Medina Journal-Register — Studying abroad while in college is something many students tend to try once.
Medina’s Charissa Farnsworth just finished her second trip abroad, and thanks to winning a Gilman Scholarship, the costs of the educational trip were significantly defrayed. The Gilman Scholarship Program is sponsored by the US State Department’s Bureau of Educational and Cultural Affairs.
Originally planned as a three-week trip, Farnsworth wound up spending a month in Americana, Sao Paolo in Brazil. The scholarship required Farnsworth to write an essay explaining how the trip to South America would be a benefit. Her student standing and grades also played a factor. In addition, she needed to add a “follow on” portion to the project that would help her “promote the scholarship and share the experience.”
For Farnsworth, the trip was a full-fledged cultural immersion and, according to her, a bit of a milestone for Genesee Community College as she said she was the first from the school to take this particular trip.
Making matters a bit more unique was Brazil’s national language is Portuguese, a language Farnsworth learned on the fly.
“I took Portuguese three hours a day, five days a week,” she recalled. “It’s hard, because it has so many more verb forms than English, and a lot of sounds in Portuguese are not in Spanish. It’s more complicated than Spanish.”
Farnsworth joked that her previous foreign language education was French, which of course did not help very much.
Being fully immersed in a foreign country helped Farnsworth gain an appreciation for the culture of its people. She went to a variety of different events and festivals, and she spent the month with a host family.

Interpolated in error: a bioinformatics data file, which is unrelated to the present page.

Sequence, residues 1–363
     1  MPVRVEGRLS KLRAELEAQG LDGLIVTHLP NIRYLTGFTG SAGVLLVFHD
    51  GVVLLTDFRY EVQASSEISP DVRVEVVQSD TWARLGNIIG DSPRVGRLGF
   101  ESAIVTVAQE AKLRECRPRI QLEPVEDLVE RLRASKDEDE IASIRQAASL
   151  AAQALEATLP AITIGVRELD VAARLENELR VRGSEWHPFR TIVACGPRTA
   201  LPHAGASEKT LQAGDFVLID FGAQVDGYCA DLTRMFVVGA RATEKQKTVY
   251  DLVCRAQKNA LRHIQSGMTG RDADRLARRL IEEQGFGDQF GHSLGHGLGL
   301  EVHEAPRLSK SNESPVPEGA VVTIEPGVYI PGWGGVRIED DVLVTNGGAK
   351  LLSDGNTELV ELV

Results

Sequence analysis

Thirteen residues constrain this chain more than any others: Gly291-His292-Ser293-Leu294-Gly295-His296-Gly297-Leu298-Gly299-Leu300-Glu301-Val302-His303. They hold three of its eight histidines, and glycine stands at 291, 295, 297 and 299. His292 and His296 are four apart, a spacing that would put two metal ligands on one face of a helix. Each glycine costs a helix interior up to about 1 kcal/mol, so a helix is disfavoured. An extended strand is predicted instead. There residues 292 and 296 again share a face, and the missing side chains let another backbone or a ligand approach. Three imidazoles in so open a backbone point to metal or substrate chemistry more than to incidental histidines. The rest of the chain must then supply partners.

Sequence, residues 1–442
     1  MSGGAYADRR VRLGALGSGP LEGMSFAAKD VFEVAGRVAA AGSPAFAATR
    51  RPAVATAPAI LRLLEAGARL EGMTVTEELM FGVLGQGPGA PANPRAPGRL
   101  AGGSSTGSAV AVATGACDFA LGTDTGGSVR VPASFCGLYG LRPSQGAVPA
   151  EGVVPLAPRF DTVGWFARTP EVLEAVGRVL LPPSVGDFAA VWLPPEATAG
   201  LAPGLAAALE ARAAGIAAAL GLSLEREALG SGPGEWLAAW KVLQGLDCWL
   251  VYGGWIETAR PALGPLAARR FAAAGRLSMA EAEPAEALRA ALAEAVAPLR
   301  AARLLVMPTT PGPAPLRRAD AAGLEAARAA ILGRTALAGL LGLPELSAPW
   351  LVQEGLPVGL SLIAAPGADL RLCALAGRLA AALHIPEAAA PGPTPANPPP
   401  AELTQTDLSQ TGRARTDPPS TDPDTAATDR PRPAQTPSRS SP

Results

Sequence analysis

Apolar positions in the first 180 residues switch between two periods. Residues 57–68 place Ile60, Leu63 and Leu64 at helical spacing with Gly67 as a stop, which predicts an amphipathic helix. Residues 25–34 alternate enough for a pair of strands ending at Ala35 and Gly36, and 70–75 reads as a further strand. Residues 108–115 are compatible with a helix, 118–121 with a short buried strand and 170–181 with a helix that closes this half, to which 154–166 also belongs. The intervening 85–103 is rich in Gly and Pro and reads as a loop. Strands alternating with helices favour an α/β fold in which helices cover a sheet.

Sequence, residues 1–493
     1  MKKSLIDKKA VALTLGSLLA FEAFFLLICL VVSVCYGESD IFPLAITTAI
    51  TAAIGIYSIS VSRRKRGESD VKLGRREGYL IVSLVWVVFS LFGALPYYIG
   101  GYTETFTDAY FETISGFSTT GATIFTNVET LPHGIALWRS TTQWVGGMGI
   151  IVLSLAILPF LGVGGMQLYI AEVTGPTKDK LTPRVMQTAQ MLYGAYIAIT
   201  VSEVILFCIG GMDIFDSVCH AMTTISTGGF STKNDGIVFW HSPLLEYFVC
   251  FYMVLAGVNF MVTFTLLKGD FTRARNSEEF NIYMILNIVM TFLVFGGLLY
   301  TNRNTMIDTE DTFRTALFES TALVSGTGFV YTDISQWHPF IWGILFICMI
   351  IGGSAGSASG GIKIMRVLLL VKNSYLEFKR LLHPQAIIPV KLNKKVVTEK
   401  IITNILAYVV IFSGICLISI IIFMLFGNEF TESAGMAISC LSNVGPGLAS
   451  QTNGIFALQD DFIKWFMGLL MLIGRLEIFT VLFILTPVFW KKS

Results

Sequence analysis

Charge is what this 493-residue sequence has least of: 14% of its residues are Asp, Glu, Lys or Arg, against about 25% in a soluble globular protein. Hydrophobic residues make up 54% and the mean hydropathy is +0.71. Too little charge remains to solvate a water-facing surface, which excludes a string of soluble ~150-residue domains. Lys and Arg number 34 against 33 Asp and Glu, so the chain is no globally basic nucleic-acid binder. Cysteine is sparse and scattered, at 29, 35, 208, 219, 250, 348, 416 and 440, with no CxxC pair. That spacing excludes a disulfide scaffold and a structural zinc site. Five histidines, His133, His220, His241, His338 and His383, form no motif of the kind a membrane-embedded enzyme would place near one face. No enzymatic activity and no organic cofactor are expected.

The family, she said, made a difference in the experience.
“I had people around me to make the trip easier,” she said. “Even though I didn’t speak the language, we were able to communicate enough and understand each other enough to get through.” She added the only member of the host family to speak any English was their daughter - her “host sister.”
Having such people around “made the trip,” she said.
“Brazil (this trip) was made by the people, and I would definitely go back again and visit,” Farnsworth said. “The biggest thing there is the people. Because of them I definitely feel like I experienced the culture, and I was most surprised by that and how attached I got to them.”
Still, being an American on foreign soil, she did stand out.
“I got a lot of attention as an ‘outsider,’ “ Farnsworth said. Oddly, thanks to being a Medina native, she was actually prepared for the drastic weather changes where she stayed.
“The weather was surprisingly cold,” she recalled. “Most of the time it was in the 70s, but it got really cold at night, and nobody in Brazil has heat. So when we had a few days when it was 40 and raining, to them it was freezing and the family I was with let me borrow sweaters, coats, and gloves.
“I tried to explain to them that I was used to it, but they still dressed me to where it looked like I was going out to play in the snow,” she laughed. The temperature shock, Farnsworth said, served as a learning experience.
“It wasn’t summer and sweltering hot. It was more like a mild spring or early fall, but I wasn’t prepared for that,” she said. “I’ll definitely be check the weather the next time I go anywhere.”
Farnsworth’s previous study abroad trip was to Ireland as part of her work towards the completion of her 2-year degree at GCC. She said she has started looking to move on to a 4-year school in either Chicago or Santa Barbara, California, but she added she is still looking.
Ultimately, she said she would like to become a freelance travel photographer, and as part of the scholarship requirement Farnsworth said she will soon be showcasing photos from both of her trips in both a school-wide and community-wide art show.
Blogging about the trip was also part of the project. Her blog entries are found at http://gccblogs.wordpress.com.
Farnsworth, a Medina native, is the daughter of Fred and Nancy Farnsworth. She has eight siblings.